Erie County Comptroller David J. Shenk released a financial report for the second quarter of 2012 to the Erie County Executive, Legislature and the Erie County Fiscal Stability Authority (“ECFSA”). This is the second such report that he has issued this year and provides an overview of the county’s finances through the first six months of 2012.

“My mission is to guard the long-term fiscal health of Erie County,” said Shenk. “Keeping the public and our policy makers informed is an important part of that mission. Erie County officials have an unfortunate history of focusing on the short-term, and it is my hope that these regular reports will provide citizens with the material they need to engage with their elected officials. An informed citizenry should play a role in the defense of our community’s financial future.”

Shenk found that during the first six months of 2012 the County experienced an estimated 2.73% increase in sales tax revenue, compared to the first six months of 2011. The final revenue amounts at June 30, 2012 will be known to the County in mid-August. Through June 30, 2012, the County has received 90.4% of the $311,412,974 property tax, the same percentage as of June 30, 2011. Taxes remaining to be collected are at $30,038,210, compared to $29,170,042 at June 30, 2011.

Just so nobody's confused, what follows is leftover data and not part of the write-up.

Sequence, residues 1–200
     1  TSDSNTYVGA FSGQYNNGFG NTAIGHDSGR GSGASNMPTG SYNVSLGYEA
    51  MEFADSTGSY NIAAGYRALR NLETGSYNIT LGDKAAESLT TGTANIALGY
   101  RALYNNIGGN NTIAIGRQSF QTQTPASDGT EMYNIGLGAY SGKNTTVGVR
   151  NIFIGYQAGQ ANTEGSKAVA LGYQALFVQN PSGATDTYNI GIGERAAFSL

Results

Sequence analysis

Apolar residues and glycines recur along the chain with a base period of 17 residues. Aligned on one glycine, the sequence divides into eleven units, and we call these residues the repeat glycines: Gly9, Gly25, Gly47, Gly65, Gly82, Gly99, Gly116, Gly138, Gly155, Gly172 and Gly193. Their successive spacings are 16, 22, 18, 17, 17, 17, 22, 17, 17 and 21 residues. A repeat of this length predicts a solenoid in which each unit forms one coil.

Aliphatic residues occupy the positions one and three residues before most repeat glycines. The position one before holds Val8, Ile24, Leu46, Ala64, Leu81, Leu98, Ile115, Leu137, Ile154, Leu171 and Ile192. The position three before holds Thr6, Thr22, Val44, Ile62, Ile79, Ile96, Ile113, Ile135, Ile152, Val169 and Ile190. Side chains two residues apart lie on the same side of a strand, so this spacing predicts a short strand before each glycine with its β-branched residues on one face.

Comptroller Shenk projects that the County will require up to an $80 million revenue anticipation note (“RAN”) to be issued in October 2012. This represents an increase over initial projections in the First Quarter report, due in large measure to an increase in the Disproportionate Share (“DSH”) and Upper Payment Limit (“UPL”) payments associated with ECMCC that the County is required to make under federal law. The County had budgeted $16.2 million for 2012 however the payments could be as high as $51 million. Traditionally payments are required between September and December 2012. Although ECMCC management has given the County assurances that the payments will be budget neutral through the use of credits, offsets and other mechanisms, no formal agreement can be reached until the payments can be quantified.
Shenk continued his call for the creation of a comprehensive fund balance policy. Earlier this month the County Legislature unanimously passed the “Budget Modernization Act”, which brings the County Charter’s fund balance language into compliance with Governmental Accounting Standards Board Statement No. 54 (“GASB #54). However, the BMA does not create a comprehensive fund balance policy that would govern the use and replenishment of the fund balance, should the County need to draw from it. Shenk said “I am calling on the County Executive and the Legislature to work with my office to craft a well-developed and transparent comprehensive fund balance policy that (1) governs the use of the County’s fund balances, (2) contains specific plans for replenishing the level of unassigned fund balance if it should fall below the 5% established level, and (3) includes a more flexible provision for non-general funds.”